After consulting with experts in the field of rotary wing aircraft, it seems that the most likely cause of the crash was due to a phenomena known to pilots as “settling with power” with atmospheric conditions potentially playing a role as well.  Helicopter pilots will almost always attempt to land while facing into the wind, however, the pre-determined approach into the objective in this case may have actually given them a down wind landing.  If the rotor wash pushed from the rotors down to the ground, then comes back up and pushes into the decent path of the helicopter, it can then make the aircraft unstable.  This is how settling with power can destabilize a helicopter.  The rotors essentially created a vortex of dead air space that could no longer generate lift.

The rotor blade system needs clean, that is, uniform air to produce lift.  If instead it gets un-uniform air, such as air previously disturbed by the helicopter’s own rotor wash, than the pilot could be in for some trouble.

At this point, the pilot would have begun to lose control of the aircraft from self-induced turbulence.  Without lift and maneuverability, he would have to conduct a controlled crash as a last resort.  As we see in the pictures, the tail rotor section split over an outer wall of the compound.  Did this obstacle also disrupt the air flow from the main rotor system and destabilize the aircraft?  Maybe.

What is it?

Artists rendering of the Stealth Black Hawk

As pictures of the wreckage began to filter out to the media from Pakistan, the main question became: What the hell is it?  There was speculation that it was an entirely new type of helicopter cooked up deep inside some black budget Special Access Program at Area 51.  Others made the observation that it was more likely a highly modified MH-60 helicopter.  I pulled the following picture off the comments section of an Aviation Weekly article not long after the OBL raid:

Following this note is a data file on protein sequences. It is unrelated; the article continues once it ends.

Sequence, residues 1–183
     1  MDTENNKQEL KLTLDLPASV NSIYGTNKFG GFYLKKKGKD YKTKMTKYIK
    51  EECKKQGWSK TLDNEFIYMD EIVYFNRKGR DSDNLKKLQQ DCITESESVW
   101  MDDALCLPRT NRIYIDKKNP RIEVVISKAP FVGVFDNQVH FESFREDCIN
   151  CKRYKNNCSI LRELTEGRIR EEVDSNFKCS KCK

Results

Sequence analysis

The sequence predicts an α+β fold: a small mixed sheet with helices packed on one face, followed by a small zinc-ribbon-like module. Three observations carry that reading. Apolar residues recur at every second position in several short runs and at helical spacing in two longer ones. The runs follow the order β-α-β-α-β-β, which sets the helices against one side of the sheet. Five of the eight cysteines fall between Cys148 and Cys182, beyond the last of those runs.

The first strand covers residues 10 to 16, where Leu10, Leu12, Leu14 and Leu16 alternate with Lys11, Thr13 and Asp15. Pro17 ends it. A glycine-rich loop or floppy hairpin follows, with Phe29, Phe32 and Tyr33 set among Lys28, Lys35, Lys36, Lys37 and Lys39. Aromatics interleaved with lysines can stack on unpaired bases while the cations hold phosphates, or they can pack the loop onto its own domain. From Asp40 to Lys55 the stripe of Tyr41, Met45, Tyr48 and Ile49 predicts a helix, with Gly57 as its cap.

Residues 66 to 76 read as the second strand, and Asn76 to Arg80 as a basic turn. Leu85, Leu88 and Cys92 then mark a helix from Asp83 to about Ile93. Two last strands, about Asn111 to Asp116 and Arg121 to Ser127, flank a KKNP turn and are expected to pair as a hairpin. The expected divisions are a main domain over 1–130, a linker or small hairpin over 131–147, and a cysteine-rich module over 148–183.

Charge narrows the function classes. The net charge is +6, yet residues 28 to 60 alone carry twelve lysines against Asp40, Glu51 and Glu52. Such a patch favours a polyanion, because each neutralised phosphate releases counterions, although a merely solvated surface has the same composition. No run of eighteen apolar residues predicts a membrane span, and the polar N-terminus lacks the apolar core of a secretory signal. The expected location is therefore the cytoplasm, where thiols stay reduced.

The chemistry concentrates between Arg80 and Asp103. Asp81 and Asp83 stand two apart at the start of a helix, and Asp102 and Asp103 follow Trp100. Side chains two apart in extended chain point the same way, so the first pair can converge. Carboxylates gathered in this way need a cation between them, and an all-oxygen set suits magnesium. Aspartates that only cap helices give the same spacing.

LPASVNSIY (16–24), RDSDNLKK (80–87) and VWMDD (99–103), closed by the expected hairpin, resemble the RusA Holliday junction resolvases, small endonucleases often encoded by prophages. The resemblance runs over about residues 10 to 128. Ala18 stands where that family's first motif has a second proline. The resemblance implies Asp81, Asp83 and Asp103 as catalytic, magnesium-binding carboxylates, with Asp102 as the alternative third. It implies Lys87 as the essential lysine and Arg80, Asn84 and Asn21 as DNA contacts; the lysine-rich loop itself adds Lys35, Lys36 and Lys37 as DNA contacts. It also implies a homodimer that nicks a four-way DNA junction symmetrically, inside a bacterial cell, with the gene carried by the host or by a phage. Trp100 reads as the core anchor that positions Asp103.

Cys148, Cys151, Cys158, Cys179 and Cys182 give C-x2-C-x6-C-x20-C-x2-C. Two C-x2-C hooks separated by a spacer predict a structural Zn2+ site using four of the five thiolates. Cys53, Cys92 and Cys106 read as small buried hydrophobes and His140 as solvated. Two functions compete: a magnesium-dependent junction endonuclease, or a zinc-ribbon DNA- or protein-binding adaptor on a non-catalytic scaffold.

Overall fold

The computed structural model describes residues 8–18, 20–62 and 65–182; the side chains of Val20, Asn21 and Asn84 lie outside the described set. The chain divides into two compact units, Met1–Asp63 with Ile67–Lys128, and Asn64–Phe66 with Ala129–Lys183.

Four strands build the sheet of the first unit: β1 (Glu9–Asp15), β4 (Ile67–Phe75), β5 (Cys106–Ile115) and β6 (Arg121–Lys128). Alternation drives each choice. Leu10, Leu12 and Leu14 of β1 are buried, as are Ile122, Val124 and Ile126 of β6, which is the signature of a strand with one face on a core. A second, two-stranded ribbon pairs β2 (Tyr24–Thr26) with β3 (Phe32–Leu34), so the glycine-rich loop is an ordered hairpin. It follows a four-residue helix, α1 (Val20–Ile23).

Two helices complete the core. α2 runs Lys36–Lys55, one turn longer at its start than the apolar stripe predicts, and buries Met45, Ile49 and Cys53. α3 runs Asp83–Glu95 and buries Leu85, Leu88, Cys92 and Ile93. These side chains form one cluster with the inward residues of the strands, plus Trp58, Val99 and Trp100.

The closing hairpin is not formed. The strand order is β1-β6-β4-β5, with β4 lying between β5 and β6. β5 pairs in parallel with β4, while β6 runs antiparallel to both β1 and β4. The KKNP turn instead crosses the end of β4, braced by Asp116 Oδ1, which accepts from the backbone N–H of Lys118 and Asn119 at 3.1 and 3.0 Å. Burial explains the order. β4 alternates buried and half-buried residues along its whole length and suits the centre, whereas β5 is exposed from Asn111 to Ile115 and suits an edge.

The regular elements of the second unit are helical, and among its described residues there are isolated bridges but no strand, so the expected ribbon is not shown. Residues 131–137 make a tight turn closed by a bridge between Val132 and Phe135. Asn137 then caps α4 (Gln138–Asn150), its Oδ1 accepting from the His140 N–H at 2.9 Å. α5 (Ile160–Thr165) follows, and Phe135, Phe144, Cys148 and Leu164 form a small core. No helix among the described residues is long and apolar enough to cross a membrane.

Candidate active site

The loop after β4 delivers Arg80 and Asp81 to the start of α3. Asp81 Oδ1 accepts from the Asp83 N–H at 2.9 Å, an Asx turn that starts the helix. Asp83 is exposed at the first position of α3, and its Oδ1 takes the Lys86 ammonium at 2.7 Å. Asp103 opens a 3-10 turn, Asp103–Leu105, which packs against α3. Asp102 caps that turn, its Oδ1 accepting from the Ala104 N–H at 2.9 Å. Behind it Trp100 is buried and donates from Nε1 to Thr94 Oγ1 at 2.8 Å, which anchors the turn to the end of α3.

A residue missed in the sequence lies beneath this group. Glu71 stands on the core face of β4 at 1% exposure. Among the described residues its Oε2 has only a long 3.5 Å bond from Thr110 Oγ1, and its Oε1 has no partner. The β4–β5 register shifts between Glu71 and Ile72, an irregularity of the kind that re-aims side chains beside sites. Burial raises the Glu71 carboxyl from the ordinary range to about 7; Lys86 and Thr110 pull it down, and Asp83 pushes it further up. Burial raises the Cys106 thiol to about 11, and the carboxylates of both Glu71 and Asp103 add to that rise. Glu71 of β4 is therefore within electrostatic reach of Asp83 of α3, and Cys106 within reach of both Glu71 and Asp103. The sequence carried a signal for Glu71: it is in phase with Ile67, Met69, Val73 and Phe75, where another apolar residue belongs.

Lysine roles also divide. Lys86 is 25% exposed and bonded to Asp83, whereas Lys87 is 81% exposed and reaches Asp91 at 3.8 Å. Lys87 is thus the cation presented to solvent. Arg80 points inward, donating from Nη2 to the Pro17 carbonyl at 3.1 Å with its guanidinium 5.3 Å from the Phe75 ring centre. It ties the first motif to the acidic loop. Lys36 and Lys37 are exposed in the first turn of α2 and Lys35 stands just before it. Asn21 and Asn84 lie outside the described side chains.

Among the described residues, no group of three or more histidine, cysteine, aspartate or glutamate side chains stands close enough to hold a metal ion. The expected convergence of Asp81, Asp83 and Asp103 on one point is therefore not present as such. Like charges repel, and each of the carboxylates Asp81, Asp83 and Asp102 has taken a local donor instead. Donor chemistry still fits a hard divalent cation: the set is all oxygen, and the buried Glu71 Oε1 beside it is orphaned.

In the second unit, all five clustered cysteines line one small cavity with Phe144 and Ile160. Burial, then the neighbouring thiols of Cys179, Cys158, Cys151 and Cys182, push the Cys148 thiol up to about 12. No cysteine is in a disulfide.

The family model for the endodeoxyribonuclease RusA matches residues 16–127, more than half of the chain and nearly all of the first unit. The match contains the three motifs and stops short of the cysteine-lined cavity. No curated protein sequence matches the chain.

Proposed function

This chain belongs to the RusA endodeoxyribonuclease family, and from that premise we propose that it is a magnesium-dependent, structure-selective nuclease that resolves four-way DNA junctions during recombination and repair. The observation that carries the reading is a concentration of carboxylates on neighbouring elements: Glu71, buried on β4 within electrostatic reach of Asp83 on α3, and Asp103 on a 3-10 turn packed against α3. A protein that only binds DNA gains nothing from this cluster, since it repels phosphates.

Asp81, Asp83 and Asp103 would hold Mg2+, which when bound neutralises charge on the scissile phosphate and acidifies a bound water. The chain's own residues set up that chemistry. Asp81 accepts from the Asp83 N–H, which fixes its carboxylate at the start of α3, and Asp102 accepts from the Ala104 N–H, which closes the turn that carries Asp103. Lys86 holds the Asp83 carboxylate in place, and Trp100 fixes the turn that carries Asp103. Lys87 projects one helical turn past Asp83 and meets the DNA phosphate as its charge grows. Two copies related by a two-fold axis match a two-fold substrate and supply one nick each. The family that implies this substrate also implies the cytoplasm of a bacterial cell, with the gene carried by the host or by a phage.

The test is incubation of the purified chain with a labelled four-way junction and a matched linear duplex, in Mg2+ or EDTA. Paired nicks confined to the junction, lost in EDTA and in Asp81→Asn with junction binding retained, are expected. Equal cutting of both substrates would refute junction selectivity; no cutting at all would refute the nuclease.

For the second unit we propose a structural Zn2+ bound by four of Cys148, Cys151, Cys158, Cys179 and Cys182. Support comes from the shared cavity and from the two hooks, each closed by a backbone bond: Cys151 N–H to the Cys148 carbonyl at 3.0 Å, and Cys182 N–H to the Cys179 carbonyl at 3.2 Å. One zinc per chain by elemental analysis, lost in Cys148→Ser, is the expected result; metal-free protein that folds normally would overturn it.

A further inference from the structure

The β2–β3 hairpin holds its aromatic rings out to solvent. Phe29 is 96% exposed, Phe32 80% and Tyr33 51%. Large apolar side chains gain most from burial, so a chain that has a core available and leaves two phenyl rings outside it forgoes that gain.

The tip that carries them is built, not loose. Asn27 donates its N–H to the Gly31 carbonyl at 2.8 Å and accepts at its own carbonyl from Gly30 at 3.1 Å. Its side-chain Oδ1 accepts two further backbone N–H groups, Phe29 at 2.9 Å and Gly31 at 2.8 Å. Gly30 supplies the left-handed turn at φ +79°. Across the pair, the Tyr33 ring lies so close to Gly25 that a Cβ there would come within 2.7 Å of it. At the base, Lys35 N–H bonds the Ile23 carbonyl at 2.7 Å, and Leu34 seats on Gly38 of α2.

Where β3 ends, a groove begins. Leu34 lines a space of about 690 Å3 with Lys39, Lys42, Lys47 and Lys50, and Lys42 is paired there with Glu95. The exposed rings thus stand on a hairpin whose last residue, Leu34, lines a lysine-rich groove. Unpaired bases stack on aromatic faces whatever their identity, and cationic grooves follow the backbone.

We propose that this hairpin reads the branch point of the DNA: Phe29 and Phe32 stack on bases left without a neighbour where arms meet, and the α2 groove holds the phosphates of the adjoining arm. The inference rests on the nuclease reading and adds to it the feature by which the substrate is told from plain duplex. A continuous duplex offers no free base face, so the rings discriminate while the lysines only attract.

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Stealth Hawk/UH-60 comparison

As you can see above, the main rotor system of a conventional Black Hawk does look an awful lot like that of the wreckage left behind in Pakistan.


While the OBL raid was an overwhelming success, it also exposed a Top-Secret helicopter program.  Certainly this was something taken into account by both military planners at JSOC as well as political leadership in Washington, DC.  They would have worked a risk mitigation strategy and determined that the intelligence justified the raid even if it came at the expense of compromising a classified program and certain Special Operations Tactics, Techniques, and Procedures.  I think I join the vast majority of Americans in agreeing with this decision, but let’s also examine the negative effects.

Within weeks the press was reporting that Pakistan was letting officials from the Chinese government look at the wreckage of the Stealth Black Hawk.  Some experts, optimistically in my opinion, have weighed in saying that the Chinese will be able to reverse engineer the stealth helicopter technology in a matter of months.  I’m not so sure. The Clinton administration initiated a series of technology transfers to China and we’ve all heard about Chinese hackers engaging in industrial espionage.  It seems that it was only relatively recently that the Chinese built a functioning stealth fighter.

Chinese J-20 Stealth Fighter

At any rate, it seems beyond a shadow of a doubt that at some point countries antagonistic towards the United States will reverse engineer stealth technology, it’s just a question of when.  As for the Stealth Black Hawk (the official designation of this aircraft remains unknown) you can be sure that 160th combed over every piece of intel and technical detail when working up their After Action Review to avoid a similar incident in future operations.